One of the fundamental principles used in the analysis of uniform flow is known as the Continuity of Flow. This principle is derived from the fact that mass is always conserved in fluid systems regardless of the pipeline complexity or direction of flow.
If steady flow exists in a channel and the principle of conservation of mass is applied to the system, there exists a continuity of flow, defined as: "The mean velocities at all cross sections having equal areas are then equal, and if the areas are not equal, the velocities are inversely proportional to the areas of the respective cross sections." Thus if the flow is constant in a reach of channel the product of the area and velocity will be the same for any two cross sections within that reach. Looking a the units of the product of area (sq-ft) and velocity (fps) leads to the definition of flow rate (cfs). This is expressed in the Continuity Equation:
Q = the volumetric flow rate
A = the cross sectional area of flow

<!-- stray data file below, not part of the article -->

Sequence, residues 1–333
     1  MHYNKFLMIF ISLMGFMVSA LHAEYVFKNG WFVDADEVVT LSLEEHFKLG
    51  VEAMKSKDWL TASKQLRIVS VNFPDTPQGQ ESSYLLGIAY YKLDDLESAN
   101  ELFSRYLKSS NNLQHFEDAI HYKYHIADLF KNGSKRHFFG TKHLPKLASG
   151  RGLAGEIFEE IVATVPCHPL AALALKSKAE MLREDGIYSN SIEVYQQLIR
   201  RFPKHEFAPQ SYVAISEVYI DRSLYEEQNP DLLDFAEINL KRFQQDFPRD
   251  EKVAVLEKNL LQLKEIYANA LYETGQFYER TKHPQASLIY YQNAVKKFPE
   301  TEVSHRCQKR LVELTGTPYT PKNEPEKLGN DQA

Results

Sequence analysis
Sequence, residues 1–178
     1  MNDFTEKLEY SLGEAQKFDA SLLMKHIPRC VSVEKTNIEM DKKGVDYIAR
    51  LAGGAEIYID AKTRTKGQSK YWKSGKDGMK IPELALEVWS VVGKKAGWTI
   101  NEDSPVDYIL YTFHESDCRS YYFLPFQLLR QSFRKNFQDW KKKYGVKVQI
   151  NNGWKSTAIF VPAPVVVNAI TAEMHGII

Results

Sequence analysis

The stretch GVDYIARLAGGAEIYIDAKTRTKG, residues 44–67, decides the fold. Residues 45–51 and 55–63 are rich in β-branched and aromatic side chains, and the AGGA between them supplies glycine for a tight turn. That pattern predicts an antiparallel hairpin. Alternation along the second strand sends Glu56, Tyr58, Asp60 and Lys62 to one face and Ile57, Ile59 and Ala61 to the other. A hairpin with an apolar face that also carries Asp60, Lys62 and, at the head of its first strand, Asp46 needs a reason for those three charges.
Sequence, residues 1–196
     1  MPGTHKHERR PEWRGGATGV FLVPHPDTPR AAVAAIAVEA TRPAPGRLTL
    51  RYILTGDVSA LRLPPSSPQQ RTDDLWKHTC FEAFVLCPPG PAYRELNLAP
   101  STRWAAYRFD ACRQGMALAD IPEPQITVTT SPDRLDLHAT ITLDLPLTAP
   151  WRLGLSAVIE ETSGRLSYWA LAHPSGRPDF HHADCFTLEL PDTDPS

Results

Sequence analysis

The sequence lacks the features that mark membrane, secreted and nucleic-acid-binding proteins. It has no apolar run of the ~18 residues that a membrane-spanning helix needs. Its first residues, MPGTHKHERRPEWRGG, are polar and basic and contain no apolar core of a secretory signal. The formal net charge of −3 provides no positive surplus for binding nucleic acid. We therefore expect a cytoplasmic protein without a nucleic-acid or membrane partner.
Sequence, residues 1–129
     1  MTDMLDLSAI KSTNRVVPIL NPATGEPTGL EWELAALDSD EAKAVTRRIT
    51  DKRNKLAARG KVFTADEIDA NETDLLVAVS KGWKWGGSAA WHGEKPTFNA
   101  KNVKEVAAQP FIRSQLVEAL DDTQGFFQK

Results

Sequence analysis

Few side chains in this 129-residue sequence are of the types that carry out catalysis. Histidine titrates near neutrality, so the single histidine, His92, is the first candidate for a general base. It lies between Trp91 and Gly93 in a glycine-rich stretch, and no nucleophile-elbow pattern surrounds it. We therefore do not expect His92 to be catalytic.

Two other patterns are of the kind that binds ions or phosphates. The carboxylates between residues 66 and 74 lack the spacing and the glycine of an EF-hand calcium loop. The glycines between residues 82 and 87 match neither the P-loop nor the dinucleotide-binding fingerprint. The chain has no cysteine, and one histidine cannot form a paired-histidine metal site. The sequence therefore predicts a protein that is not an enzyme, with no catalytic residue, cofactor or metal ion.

V = the mean velocity
Calculation of flow rate is often complicated by the interdependence between flow rate and friction loss. Each affects the other and often these problems need to be solved iteratively. Once flow and depth are know the continuity equation is used to calculate velocity in the culvert.
Note: This principle can be used to describe the drop in water surface at a culvert inlet. For example, when the flow is constant and the water velocity increases due to a decrease in roughness, such as through a culvert, the flow area must decrease. In the case of constant cross section geometry that change in area is reflected in a change in the water surface elevation. Q=VA, when flow is constant, as velocity increases, the flow area decreases and vice versa.
See also: Manning's Equation, Open Channel Flow